Global Writing Contests : OnceWritten.com Join Our Mailing List (enter your email address) Global Writing Contests Writing contests are a great way for poetry and fiction writers to get their work noticed by the literary community. How to Structure A Story: The Eight-Point Arc By Ali Hale One of my favourite “how to write” books is Nigel Watts’ Writing A Novel and Getting Published. My battered, torn and heavily-pencil-marked copy is a testament to how useful I’ve found it over the years. Although the cover appears to be on the verge of falling off altogether, I’ve risked opening the book once more to bring you Watts’ very useful “Eight-Point Story Arc” – a fool-proof, fail-safe and time-honoured way to structure a story. (Even if you’re a short story writer or flash fiction writer rather than a novelist, this structure still applies, so don’t be put off by the title of Watts’ book.)
Eight Secrets Which Writers Won’t Tell You Image from Flickr by Lazurite This is not particularly relevant to the post, but I’m getting an awful lot of comments telling me, often a little snarkily, “it’s ‘THAT’ not ‘WHICH’”. The “don’t use which for restrictive clauses” rule comes (as far as I can tell) from Strunk and White. Plenty of authors, including Austen, have used “which” exactly as I use it in the title.
30 Days of WorldBuilding By popular demand, you can now download the Magical WorldBuilder Guide in three easy-to-carry (non-DRM) formats: PDF for printing out at home or reading on a computerePub for use with many fine ereader devicesMOBI for use with Kindles and MobiPocket software.As of 2007, The world-builder exercises are licensed under a Creative Commons license to help you in deciding whether you can translate (yes, with credit back), distribute to your writing group (yes, with credit), sell (not without permission), reprint (yes, for non-commercial purposes), or mirror (yes, with credit back) this useful guide! In October, 2004, I posted 30 days of world-building exercises to the NaNoWriMo discussion forums. These are short, 15-minute exercises that can help you make crucial decisions about your world, and what you want your story to say about it. These exercises have been edited for general use and re-posted here. So, give yourself 7 and a half hours this month-- 15 minutes a day-- to build a world.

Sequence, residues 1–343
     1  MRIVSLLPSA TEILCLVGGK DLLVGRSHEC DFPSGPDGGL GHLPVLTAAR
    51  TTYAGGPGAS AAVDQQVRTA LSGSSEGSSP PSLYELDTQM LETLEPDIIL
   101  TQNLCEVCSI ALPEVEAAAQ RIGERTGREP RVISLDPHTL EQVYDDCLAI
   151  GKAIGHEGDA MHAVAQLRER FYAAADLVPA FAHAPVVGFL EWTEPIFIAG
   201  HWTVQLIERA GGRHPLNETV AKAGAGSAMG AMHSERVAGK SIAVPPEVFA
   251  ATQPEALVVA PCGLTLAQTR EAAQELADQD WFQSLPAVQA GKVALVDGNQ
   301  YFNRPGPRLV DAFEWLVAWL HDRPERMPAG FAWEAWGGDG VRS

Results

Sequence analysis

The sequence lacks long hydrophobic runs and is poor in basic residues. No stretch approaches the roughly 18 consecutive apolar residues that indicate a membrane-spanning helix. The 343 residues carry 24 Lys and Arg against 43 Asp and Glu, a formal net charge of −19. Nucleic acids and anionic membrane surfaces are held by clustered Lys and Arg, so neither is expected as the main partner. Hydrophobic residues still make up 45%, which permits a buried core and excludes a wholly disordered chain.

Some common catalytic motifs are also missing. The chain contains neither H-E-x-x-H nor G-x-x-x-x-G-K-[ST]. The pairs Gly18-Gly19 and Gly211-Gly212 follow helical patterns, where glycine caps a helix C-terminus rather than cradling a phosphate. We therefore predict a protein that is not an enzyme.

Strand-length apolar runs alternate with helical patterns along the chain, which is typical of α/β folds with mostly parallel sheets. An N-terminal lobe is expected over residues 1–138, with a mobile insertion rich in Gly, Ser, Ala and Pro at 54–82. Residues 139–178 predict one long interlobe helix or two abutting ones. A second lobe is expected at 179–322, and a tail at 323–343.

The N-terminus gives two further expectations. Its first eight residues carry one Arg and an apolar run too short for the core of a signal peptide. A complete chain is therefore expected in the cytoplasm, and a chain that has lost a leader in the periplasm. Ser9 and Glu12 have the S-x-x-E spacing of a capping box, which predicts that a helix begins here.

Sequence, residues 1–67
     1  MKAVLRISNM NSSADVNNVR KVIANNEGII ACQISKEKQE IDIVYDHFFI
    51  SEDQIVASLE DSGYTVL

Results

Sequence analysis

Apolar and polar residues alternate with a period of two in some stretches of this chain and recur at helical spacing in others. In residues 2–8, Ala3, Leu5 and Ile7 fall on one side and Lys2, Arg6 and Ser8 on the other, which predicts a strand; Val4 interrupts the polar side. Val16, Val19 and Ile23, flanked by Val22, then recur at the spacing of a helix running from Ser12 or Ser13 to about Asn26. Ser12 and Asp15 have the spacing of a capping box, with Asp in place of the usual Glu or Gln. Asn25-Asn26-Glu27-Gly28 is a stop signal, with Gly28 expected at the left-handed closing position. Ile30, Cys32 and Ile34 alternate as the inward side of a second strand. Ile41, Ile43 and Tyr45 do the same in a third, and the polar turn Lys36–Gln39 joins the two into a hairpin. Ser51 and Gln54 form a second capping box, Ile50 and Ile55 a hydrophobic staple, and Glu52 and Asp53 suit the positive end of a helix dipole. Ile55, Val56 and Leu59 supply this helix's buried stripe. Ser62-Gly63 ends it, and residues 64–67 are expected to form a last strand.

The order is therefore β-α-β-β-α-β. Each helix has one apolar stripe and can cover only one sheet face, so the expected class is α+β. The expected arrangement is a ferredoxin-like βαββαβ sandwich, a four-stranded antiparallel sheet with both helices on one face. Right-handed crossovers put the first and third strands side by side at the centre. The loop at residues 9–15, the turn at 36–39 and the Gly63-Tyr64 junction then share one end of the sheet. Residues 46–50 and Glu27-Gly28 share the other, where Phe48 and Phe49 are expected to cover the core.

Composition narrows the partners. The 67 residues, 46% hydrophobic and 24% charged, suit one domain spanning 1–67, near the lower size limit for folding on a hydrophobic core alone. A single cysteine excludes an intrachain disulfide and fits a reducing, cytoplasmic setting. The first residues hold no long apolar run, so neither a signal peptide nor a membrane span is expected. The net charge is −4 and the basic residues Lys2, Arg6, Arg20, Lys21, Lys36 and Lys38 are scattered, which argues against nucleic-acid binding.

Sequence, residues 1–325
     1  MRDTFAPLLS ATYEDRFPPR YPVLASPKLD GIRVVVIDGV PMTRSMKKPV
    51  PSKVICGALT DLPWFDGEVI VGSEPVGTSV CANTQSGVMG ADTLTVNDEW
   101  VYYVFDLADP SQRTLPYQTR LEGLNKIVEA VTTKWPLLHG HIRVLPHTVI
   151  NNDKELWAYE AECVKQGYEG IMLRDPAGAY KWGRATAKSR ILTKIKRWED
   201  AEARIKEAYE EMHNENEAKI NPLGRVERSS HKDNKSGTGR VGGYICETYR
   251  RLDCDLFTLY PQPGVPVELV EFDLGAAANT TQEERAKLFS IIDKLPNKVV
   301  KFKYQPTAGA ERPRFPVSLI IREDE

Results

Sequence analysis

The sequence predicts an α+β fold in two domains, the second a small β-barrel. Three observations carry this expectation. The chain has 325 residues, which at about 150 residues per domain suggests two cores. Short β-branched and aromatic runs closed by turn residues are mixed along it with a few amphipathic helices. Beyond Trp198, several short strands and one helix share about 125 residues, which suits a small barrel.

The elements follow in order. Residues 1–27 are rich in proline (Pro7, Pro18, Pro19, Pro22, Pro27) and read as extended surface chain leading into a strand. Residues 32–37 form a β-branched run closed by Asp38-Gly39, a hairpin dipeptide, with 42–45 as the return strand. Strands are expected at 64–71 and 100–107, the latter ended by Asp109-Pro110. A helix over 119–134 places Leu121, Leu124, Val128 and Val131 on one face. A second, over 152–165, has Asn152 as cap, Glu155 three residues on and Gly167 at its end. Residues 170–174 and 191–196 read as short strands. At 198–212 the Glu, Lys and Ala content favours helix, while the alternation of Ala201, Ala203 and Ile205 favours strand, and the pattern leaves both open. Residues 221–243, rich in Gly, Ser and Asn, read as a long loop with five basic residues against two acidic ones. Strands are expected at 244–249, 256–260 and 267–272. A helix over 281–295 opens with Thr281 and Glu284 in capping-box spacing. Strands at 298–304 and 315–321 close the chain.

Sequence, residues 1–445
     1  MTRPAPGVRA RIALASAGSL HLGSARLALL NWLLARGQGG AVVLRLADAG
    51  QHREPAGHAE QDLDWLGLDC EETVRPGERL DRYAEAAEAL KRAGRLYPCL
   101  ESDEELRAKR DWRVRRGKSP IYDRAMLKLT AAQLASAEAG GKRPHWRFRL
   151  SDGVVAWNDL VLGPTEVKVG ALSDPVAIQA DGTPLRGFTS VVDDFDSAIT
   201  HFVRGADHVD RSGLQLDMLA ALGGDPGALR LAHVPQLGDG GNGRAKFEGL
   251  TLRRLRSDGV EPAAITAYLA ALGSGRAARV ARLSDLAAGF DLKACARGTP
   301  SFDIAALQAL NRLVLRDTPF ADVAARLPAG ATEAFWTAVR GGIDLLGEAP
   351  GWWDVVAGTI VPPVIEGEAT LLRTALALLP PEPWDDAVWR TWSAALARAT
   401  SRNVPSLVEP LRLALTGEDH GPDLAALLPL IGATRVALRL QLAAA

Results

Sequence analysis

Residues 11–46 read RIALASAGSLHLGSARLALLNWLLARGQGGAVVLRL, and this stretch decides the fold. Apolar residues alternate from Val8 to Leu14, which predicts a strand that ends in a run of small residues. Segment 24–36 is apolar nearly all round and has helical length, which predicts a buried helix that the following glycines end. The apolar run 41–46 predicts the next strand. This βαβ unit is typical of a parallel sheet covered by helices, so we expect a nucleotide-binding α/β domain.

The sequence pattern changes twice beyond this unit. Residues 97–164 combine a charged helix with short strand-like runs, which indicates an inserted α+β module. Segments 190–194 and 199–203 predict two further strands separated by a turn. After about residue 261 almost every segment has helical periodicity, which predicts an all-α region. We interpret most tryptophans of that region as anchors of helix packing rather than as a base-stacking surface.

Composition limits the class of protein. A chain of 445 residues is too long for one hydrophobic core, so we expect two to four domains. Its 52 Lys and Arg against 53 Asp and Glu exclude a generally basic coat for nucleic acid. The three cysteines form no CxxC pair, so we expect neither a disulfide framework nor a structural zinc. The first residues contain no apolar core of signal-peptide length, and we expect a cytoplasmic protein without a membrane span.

75 Books Every Writer Should Read Whether you want to make writing your career or just want to know how to improve your writing so that you can pass your college courses, there is plenty of reading material out there to help you get inspired and hone your skills. Here’s a collection of titles that will instruct you on just about every aspect of writing, from the basics of grammar to marketing your completed novel, with some incredibly helpful tips from well-known writers themselves as well. Writing Basics These books address things like structure, plot, descriptions and other basic elements of any story. The Power of Myth by Joseph Campbell and Bill Moyers: You can improve the quality of your writing by adding a mythical quality to them with advice and insight from this book. Writer’s Journey: Mythic Structure for Writers by Christopher Vogler: Whether you agree with the ideas in this book or not, you’ll find it a useful and informative read for writing.
Writing Contests, Creative Writing Competitions 2012 Do you want to get published? Do you want the world to know you are a winning writer? By entering one of the Writer’s Digest Writing Contests or Writing Competitions you can make these dreams come true! 13 Vital Reminders For Writers Writing is tough work. If I may be so bold as to attempt a simile, I’d say that it’s like walking through a dark forest, but with your legs tied together. So in actuality you’re not really walking at all.